Similarly we know little about Future Management Services Ltd who donated £50k. Further research reveals that it is controlled by Lebanese billionaire Fouad Makhzoumi who was embroiled in a scandal after recruiting the the minister in charge of arms sale Jonathan Aitken to the board of one of his companies who then went on to promote a deal in which Makhzoumi has a financial interest. Donors should not be able to hide behind generically named companies.
Set up a club
If a donor wants to keep their donation history private then one option would be to set up a club. A dinner club, a book club, a tennis club, it doesn’t matter as long as it’s an unincorporated association. An unincorporated association is any organisation set up through an agreement between two or more people that doesn’t seek to make profit. Since the scandal involving the Midlands Industrial Council the Electoral Commission have made life a little harder. Unincorporated associations that donate more than £25,000 have to register with the commission and list all ‘gifts’ over £7,500 in the year before, after, and of the donation. But that still gives them a chance to donate £24,999 to a dinner club and let it be passed it on to the party.
Since July 2009 Unincorporated Associations have donated around 12 million to the Conservatives, 9 million to Labour and £5 million to Lib Dems. An investigation by Open Democracy also found that many were not complying with their reporting requirements. We have little clue where these vast sums of money are coming from.
Splashing the cash
At the end of the day if you’re filthy rich then you can simply go for broke and buy a political party, as there’s no limit on individual donations. When a party becomes increasingly reliant on generous donations they have little choice but to make sure their donors are happy. Like Stuart Wheeler (who once gave £5 million to the Conservative Party) says, a donor’s ability to influence their party is “absolutely natural and unobjectionable”.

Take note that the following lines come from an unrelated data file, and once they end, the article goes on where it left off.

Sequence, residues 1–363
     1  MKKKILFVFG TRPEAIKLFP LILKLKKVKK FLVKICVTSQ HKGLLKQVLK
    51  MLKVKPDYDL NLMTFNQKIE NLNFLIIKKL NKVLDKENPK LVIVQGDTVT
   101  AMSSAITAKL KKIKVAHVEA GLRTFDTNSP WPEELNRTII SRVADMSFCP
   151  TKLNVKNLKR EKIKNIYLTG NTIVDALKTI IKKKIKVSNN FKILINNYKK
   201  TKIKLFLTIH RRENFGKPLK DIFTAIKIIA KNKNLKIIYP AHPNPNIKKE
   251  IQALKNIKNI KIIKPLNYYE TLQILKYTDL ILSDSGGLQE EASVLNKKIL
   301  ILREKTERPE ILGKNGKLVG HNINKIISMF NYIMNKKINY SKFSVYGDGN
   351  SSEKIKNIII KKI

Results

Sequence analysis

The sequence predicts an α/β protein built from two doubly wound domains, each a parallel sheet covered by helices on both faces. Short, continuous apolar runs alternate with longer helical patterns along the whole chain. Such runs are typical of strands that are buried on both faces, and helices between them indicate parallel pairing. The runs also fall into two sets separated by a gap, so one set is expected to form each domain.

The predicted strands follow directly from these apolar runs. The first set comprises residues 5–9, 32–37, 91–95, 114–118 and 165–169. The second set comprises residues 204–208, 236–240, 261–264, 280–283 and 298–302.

This may be the tactic of British citizen now resident in Bahamas, Richard Gore who gave a whopping £1 million to the Conservative party. Or Addison Lee founder, John Griffin who gave £900,000. Whilst most of us struggle to get a meeting with our local MPs, these men will undoubtable have access to the most senior figures of the Conservative party.
So, how do we fix this?
1. Cap donations
By capping donations at £5,000, individual donors would not have an overwhelming influence on campaigns. Politicians would be forced to appeal to a broader and more diverse audience to source their campaign funds, rather than simply pleasing a few multi-millionaires. The cap would need to be the same for everyone: individuals, companies, unincorporated associations and members associations. A low cap would mean that using tricks like splitting donations or setting up companies, would require more effort that the potential benefits.
2. Crackdown on corporate donations
While banning corporate donations would open up new loopholes, like individuals making donations and then being repaid by the company, the thresholds for company donations need to be strengthened. The definition of “carrying on business” is so broad it’s meaningless.
3. Public funding
Public funding of political parties put them on a level playing field. We need to have an honest conversation about what form public funding of political parties should take, and how this could be used to best promote democracy. Schemes to match small individual donations could be devised to encourage parties to seek broad grassroots support, not just pander to powerful interests. There are many options to explore.
You can read our ‘How to be Dodgy Donor’ guide for more information on the tactics used by the rich and powerful to influence.
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Political donations can be found using the Electoral Commission’s database.